A tour in the footsteps of famous African-Americans in Paris

 

PARIS (AP) – The great African-American writers James Baldwin and Richard Wright began their feud over Wright’s novel “Native Son,” at Cafe Les Deux Magots. Jazz trumpeter Miles Davis held hands with his white girlfriend, French actress Juliette Greco, while strolling along the Seine after hanging out with Picasso. Entertainer Josephine Baker became a megastar at the Theatre des Champs-Elysees. Some travelers to Paris seek selfies with the Eiffel Tower, go to see the Mona Lisa at the Louvre or stroll to the Arc de Triomphe. But you can create a different type of itinerary exploring African-American connections to the City of Light [ . . . ]

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Je t’aime: The Story of French Song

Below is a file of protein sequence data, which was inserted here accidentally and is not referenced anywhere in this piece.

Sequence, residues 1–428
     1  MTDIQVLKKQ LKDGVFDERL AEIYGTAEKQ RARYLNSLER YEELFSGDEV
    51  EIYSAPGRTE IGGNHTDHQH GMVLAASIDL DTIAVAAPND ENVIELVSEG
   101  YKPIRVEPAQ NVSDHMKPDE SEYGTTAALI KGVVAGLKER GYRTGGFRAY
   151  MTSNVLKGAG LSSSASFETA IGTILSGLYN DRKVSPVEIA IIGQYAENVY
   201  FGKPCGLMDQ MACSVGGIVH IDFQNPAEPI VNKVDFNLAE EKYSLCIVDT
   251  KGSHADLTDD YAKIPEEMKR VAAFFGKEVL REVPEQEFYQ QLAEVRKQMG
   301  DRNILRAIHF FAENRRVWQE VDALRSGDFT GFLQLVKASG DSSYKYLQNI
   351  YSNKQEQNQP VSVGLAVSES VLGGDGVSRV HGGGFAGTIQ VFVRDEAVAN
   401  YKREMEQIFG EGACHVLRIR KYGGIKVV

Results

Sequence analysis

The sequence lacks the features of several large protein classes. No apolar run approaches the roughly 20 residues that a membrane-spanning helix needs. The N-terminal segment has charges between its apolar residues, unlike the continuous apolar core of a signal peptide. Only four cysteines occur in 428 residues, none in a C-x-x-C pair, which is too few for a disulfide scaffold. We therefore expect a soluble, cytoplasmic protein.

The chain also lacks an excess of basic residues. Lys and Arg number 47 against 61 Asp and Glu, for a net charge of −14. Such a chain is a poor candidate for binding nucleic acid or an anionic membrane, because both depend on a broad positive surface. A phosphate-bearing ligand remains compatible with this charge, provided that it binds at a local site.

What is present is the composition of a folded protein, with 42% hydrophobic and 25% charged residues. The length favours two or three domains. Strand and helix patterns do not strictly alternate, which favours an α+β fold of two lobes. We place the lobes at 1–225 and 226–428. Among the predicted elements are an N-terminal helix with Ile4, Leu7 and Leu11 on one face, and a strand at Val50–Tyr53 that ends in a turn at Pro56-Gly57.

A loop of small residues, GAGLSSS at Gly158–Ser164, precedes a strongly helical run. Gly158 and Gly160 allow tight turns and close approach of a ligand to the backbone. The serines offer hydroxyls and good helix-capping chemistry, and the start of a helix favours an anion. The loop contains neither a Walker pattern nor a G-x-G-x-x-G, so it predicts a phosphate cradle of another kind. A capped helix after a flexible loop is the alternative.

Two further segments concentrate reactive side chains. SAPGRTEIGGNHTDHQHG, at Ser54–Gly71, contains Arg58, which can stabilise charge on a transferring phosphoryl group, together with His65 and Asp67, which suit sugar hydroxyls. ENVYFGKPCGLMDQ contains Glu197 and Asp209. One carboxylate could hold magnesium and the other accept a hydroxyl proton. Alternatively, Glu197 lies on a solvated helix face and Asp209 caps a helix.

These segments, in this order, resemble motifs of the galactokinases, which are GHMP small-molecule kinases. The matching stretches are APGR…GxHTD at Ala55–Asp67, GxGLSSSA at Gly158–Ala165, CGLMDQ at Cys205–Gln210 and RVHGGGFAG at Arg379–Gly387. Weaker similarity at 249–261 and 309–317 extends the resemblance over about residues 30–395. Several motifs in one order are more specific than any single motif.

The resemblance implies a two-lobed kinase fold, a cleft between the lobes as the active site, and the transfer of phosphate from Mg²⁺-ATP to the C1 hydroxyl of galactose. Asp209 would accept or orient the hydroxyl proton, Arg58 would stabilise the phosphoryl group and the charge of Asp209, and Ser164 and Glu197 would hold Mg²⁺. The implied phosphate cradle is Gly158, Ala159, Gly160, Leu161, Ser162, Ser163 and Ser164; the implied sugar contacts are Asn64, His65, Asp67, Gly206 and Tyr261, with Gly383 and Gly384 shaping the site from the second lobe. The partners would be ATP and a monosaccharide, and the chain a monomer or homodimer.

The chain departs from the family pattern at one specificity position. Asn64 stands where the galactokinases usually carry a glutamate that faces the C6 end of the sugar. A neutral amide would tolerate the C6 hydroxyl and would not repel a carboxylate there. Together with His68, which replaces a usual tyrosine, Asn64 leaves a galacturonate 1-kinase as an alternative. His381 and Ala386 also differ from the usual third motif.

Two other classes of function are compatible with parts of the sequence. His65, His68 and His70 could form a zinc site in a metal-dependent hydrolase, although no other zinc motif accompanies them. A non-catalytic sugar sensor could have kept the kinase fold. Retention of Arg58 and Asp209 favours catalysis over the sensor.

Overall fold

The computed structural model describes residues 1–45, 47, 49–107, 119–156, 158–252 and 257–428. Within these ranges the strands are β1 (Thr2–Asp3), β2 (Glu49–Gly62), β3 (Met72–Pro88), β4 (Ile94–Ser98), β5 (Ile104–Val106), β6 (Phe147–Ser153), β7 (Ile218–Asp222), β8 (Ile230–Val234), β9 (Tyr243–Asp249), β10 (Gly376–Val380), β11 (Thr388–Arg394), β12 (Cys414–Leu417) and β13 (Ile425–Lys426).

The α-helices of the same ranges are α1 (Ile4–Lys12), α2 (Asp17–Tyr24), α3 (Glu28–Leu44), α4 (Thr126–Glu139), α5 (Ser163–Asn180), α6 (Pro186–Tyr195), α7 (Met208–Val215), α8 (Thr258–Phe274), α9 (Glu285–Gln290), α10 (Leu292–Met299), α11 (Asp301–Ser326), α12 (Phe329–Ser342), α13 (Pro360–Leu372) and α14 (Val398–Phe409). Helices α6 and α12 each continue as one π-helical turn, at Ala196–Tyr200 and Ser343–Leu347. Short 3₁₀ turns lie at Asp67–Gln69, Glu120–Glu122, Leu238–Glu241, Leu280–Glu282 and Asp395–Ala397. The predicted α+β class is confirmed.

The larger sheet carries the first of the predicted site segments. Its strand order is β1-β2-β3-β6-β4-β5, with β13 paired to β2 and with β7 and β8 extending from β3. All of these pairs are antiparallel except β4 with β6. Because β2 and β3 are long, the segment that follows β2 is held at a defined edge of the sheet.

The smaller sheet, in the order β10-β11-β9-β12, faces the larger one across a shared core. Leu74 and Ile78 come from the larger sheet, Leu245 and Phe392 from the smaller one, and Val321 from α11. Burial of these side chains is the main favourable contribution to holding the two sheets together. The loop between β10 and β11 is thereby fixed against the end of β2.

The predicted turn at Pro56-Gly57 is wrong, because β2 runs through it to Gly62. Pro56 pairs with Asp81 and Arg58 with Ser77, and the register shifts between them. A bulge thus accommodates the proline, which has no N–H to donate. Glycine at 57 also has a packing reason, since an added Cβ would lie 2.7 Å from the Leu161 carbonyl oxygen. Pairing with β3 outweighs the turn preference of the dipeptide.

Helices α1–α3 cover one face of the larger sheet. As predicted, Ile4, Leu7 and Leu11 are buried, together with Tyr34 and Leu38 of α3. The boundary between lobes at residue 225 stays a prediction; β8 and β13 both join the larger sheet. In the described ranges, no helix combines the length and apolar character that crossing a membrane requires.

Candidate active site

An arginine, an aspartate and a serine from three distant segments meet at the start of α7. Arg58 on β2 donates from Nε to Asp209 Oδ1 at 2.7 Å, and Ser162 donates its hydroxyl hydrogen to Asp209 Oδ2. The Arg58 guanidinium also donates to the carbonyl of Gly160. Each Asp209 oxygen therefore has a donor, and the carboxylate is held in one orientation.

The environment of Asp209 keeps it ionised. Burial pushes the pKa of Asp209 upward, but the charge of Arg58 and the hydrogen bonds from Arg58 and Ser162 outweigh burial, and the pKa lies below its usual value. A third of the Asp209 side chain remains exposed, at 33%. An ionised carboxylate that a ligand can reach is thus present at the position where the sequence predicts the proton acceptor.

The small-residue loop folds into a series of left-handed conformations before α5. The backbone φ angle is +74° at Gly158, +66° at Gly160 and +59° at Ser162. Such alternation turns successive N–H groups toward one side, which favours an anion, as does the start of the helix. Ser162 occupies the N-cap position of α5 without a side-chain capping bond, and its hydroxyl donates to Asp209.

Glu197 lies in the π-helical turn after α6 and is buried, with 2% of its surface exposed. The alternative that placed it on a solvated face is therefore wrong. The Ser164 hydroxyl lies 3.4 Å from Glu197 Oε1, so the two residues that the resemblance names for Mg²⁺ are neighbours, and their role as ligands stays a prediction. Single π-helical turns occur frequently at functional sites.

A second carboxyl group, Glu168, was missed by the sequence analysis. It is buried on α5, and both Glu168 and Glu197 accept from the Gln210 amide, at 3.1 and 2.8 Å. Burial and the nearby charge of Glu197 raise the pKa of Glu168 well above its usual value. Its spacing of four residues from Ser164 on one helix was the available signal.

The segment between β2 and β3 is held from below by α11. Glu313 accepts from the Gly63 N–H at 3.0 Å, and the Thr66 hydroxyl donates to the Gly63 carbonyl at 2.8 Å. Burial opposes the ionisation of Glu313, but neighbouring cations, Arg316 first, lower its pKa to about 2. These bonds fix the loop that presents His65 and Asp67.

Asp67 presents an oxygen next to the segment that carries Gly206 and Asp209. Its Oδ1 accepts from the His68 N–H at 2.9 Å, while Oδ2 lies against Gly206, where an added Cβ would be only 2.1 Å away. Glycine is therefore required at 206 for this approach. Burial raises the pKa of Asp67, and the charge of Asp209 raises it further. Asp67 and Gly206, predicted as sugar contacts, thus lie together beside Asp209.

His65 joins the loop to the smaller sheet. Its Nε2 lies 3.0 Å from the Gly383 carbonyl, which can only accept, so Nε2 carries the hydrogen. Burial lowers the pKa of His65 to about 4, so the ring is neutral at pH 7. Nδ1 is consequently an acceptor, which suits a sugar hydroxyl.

The problem with many music documentaries is that they suffer from over-familiarity. In a bid to appeal to as wide an audience as possible, they end up spreading themselves too thinly on an area already well covered. Viewers tune in and, largely speaking, have their knowledge reaffirmed while they hang around on the off-chance that there may be some newly uncovered archive footage to make their investment worthwhile. There are notable exceptions to this, of course, and generally they crop close on their subject, or as in the case of Je t’aime: The Story of French Song, focus on an area that has been long neglected – indeed by many outside France it has simply been dismissed. […]

Source: Je t’aime: The Story of French Song, BBC Four | The Arts Desk